#1 Gather the Facts – Introduce and clarify the crucial facts of your topic. Ask yourself these two primary questions. What do I know? & What do I need the reader to know? Please select a case study on your topic. It should be a case that has either been in the American Medical journals or a national/global case that is well documented. Points: 20
#2 Determine the Ethical Issues – What are the moral medical ethical issues that are in competition within this case study? Identify and describe each. It is this conflict, which creates the ethical dilemma. Ask yourself whose interests are in conflict? In this section, you should also record what Philosophical theory or theories are associated in your case study: Utilitarian, Deontology, Justice, Divine Command, Libertarian and so on. You should have a substantial (more than two paragraphs) for this section. Points: 30
#3 Determine the Moral Values – What moral values are central to the ethical structures that you have defined? What are the theological views at play in this case? (There may not be anything said in the case study, but you are capable of pulling that out now based on what you have gathered about moral ethics and Christianity). In this section, you will identify which faith tradition you decided to look at your case study through (unless it already has one). This would mean you would select from the following faith traditions under the umbrella of Christianity: Roman Catholic, Orthodox or Protestant (There are many branches under Protestant, which would include but not limited to: Baptist, Episcopal, Methodist, Presbyterian, Mennonite, United Church of Christ, Lutheran, Quaker, etc.). This should be the most substantial part of your paper. Points: 30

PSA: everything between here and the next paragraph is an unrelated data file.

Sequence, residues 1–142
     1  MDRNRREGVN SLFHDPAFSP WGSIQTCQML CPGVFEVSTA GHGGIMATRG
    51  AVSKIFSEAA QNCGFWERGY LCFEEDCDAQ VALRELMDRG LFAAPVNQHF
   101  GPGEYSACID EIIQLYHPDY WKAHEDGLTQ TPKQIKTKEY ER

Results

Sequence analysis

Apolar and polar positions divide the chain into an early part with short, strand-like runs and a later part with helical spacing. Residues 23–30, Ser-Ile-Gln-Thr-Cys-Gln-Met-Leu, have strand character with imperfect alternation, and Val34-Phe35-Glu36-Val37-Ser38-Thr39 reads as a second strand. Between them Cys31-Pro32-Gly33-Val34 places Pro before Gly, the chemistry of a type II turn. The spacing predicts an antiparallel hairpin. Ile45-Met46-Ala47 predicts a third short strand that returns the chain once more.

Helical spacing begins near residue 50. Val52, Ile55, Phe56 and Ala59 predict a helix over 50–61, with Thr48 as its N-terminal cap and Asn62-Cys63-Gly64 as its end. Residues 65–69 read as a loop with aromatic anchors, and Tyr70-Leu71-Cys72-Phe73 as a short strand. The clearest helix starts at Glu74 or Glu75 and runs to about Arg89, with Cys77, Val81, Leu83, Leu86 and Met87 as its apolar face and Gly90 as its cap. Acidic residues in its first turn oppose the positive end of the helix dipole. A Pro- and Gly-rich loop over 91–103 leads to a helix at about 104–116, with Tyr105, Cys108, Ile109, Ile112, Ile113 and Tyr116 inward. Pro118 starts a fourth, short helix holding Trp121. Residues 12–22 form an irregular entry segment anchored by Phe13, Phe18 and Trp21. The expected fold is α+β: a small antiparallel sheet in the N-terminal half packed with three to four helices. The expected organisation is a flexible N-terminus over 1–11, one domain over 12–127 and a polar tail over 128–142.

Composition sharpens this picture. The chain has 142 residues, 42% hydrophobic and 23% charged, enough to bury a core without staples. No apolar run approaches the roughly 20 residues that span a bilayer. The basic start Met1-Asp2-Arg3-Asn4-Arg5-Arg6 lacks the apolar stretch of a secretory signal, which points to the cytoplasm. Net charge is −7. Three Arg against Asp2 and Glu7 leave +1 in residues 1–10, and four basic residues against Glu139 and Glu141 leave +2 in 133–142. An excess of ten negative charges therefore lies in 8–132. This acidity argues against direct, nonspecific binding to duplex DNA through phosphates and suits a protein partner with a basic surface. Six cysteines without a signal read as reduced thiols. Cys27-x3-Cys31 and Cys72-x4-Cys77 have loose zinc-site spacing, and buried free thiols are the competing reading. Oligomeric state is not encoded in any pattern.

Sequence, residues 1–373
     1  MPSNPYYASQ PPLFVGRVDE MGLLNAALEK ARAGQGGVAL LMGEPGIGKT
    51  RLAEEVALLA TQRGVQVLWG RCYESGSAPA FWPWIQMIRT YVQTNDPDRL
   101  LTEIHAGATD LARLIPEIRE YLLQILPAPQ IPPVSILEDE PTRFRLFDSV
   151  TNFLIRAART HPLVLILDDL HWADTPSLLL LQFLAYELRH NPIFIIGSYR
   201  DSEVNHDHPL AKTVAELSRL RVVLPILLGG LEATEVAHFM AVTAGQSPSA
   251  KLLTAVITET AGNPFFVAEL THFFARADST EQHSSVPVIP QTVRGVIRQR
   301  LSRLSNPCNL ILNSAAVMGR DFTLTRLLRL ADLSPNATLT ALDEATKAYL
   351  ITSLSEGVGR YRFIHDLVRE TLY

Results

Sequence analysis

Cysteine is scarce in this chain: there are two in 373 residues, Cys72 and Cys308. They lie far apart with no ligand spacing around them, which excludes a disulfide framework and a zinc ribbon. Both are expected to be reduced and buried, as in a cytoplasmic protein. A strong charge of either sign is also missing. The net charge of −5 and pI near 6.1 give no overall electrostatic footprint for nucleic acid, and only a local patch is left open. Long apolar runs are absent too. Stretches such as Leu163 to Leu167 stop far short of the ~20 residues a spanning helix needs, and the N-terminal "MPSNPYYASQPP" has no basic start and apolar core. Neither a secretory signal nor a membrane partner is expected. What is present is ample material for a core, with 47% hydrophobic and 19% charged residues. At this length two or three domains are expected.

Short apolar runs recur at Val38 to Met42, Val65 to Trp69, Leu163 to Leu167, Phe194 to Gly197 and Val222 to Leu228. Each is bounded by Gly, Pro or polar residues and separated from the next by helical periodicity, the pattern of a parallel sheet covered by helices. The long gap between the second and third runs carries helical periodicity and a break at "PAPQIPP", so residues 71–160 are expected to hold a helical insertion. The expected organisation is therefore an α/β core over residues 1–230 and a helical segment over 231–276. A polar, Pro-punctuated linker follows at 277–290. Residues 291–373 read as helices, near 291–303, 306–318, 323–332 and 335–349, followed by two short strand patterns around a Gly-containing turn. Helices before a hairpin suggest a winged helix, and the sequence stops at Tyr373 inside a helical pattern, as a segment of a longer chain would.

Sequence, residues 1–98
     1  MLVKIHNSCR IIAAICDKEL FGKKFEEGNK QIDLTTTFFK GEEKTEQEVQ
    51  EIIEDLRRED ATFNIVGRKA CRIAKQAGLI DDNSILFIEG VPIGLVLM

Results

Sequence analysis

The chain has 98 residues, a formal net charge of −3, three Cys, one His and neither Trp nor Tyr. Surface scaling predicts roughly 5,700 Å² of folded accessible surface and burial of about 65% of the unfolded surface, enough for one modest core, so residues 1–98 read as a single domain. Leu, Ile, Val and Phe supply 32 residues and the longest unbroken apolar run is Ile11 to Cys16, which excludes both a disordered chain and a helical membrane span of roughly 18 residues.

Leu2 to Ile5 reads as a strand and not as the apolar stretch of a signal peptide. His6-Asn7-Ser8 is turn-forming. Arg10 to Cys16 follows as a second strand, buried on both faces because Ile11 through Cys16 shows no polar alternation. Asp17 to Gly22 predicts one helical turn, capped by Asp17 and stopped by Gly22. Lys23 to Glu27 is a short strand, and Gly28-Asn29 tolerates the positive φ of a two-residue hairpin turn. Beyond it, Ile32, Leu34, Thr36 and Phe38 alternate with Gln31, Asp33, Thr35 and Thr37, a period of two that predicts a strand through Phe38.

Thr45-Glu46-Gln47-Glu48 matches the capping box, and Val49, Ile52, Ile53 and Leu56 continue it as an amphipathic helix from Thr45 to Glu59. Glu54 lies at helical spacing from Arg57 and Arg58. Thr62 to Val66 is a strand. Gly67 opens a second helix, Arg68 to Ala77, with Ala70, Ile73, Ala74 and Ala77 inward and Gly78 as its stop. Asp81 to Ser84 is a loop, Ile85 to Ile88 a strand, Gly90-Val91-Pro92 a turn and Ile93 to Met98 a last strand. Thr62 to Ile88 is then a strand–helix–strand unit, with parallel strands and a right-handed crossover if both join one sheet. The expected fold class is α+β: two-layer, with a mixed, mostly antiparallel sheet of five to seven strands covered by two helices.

#4 Conclusion – What outcome has taken place with your topic (if one is not already available) and define both the positive and negative consequences of the outcome. In your conclusion, you need to take the time to tie all things together. You could possibly suggest a better outcome as well. Points: 20
1. 8 pages (this number does not include, title page, abstract and reference section)
3. 12” font
4. Times Roman
5. APA format
6. Title page
7. Reference page
8. An Abstract is needed so that you can stay on track and I know what/where you are going in the paper. The due date is listed on your schedule. Abstract is less than 300 words and contains all parts of your rubric. Again, It tells the reader where you will be going in the paper. APA no longer requires an abstract for papers such as these, but I believe they are very helpful. You do not need to include the abstract in the final paper, but you might as well if you took the time to write it.
APA format and at least 3 scholarly sources.